Reading the coupon fine print may not be as much fun as actually presenting the coupon at your favorite store to save a few bucks, but it’s a necessary evil.
This fine print is not only designed to protect the retailer and manufacturer but you, the consumer, as well. Let’s take a quick look at couponing and the fine print that you need to know.
Coupon Fine Print
It’s believed that the very first coupon was issued in 1887 by Asa Candler of Coca-Cola. That coupon was sent out to American homes, offering them a free glass of the then-barely-known Coca-Cola drink.
An estimated 8.5 million free drinks were offered to American homes between 1894 and 1913. By the end of that campaign, Coca-Cola was a household name and was being sold in every state.
That’s how powerful coupons can be!
Understanding coupon fine print is necessary for efficient coupon redemption. It allows you to take full advantage of the promotional offers.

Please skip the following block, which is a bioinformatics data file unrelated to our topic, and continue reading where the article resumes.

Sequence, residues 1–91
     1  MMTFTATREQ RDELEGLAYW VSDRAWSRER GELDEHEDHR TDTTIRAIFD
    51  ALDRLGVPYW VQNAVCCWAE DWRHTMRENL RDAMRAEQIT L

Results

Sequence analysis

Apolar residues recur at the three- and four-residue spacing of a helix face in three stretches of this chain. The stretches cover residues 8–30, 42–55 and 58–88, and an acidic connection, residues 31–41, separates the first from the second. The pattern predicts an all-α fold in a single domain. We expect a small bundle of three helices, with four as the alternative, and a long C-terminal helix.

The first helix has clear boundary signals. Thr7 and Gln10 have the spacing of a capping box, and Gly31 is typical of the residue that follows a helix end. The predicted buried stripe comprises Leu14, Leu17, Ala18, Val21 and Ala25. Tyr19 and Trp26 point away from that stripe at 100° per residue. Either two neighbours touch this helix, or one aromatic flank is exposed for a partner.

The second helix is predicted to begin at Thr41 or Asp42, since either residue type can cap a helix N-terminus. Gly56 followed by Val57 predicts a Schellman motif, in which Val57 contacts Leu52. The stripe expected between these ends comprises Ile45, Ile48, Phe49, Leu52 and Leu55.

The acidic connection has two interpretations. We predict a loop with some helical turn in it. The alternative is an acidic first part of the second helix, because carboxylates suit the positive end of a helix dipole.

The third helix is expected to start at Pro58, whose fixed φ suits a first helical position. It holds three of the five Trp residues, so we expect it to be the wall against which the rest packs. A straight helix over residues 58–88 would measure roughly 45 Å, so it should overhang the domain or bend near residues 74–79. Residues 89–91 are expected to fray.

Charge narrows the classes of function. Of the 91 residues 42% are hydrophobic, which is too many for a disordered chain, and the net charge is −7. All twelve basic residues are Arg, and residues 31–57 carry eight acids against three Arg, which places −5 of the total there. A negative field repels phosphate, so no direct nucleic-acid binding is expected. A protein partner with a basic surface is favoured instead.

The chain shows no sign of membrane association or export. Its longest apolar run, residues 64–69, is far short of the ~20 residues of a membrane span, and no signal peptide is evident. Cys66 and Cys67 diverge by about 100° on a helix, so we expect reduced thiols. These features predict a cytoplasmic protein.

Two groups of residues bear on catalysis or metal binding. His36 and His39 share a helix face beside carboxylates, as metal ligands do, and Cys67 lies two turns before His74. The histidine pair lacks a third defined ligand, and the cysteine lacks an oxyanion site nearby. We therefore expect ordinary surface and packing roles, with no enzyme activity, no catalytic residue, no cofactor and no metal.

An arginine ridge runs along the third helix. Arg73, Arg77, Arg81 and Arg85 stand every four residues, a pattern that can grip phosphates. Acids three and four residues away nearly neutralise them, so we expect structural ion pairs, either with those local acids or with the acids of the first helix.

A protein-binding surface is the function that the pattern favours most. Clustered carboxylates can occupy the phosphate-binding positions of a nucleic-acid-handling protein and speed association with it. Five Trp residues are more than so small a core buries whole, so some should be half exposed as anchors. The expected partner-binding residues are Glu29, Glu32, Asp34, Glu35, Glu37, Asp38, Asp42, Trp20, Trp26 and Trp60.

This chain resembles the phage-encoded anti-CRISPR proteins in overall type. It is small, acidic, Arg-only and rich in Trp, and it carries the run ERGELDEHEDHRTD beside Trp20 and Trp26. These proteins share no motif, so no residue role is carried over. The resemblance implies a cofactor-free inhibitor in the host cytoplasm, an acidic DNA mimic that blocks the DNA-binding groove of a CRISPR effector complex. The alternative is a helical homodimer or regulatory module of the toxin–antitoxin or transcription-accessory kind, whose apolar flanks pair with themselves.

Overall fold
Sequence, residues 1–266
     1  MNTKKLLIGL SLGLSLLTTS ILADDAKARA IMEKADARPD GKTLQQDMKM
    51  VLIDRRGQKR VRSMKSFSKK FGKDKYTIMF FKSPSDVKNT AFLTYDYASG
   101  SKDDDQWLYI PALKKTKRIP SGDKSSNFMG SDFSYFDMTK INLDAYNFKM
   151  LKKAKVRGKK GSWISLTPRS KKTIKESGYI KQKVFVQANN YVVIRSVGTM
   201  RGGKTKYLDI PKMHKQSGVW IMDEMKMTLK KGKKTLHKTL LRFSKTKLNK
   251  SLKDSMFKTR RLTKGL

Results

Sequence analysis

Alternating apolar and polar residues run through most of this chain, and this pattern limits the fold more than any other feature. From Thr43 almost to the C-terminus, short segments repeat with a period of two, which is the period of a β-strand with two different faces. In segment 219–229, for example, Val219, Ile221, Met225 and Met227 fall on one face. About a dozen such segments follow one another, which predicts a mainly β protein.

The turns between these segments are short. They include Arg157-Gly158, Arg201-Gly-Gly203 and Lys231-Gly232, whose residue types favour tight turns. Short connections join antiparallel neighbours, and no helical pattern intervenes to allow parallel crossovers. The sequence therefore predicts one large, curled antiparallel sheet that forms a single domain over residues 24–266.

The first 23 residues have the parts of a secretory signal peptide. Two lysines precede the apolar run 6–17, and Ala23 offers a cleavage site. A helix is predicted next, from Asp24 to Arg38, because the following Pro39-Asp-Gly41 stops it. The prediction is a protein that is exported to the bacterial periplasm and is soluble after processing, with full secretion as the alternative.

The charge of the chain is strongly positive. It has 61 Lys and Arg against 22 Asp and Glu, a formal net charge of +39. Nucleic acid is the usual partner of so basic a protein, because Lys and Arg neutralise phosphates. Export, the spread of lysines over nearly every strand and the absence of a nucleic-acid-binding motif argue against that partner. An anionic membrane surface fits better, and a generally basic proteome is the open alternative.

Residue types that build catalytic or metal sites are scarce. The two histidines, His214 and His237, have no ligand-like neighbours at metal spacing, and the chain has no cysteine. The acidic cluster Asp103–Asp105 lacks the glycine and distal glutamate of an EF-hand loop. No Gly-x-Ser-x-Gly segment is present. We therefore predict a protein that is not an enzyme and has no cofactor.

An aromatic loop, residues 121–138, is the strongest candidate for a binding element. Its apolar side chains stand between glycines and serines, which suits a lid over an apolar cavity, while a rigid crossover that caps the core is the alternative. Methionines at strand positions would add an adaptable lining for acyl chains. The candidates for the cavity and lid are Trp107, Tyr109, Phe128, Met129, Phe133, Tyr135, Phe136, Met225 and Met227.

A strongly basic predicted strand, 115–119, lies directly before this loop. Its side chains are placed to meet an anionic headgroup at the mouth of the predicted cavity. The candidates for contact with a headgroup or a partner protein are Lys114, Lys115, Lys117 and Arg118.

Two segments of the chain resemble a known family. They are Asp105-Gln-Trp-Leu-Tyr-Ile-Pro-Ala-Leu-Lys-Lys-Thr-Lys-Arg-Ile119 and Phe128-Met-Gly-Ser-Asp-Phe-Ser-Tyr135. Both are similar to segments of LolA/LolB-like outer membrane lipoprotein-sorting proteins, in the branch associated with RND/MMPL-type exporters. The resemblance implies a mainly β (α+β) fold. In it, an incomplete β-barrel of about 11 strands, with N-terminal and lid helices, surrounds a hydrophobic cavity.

With that in mind, here are some of the most common coupon fine print or coupon policies and what they mean to you.
This should be one of the very first things to look out for since you cannot use an expired coupon. Many coupons have a very tight turnaround time from when they are issued to their expirations. Some are even limited to the day!
Like this Macy’s One Day Sale coupon
These are perhaps the most visible terms and conditions within a coupon’s fine print. There are numerous limitations. Here are some of the most common:
“Limit of one coupon per household per day.”
This means exactly what it says: your household can only use that type of coupon once per day. You can’t just clip 46 of them and hand each one to the four members of your family when you go out on a single shopping trip.
If you use a $0.25 coupon to buy some dishwashing soap today, you have to wait 24 hours before you can use that similar $0.35 coupon that’s burning a hole in your pocket.
Per Purchase Limitations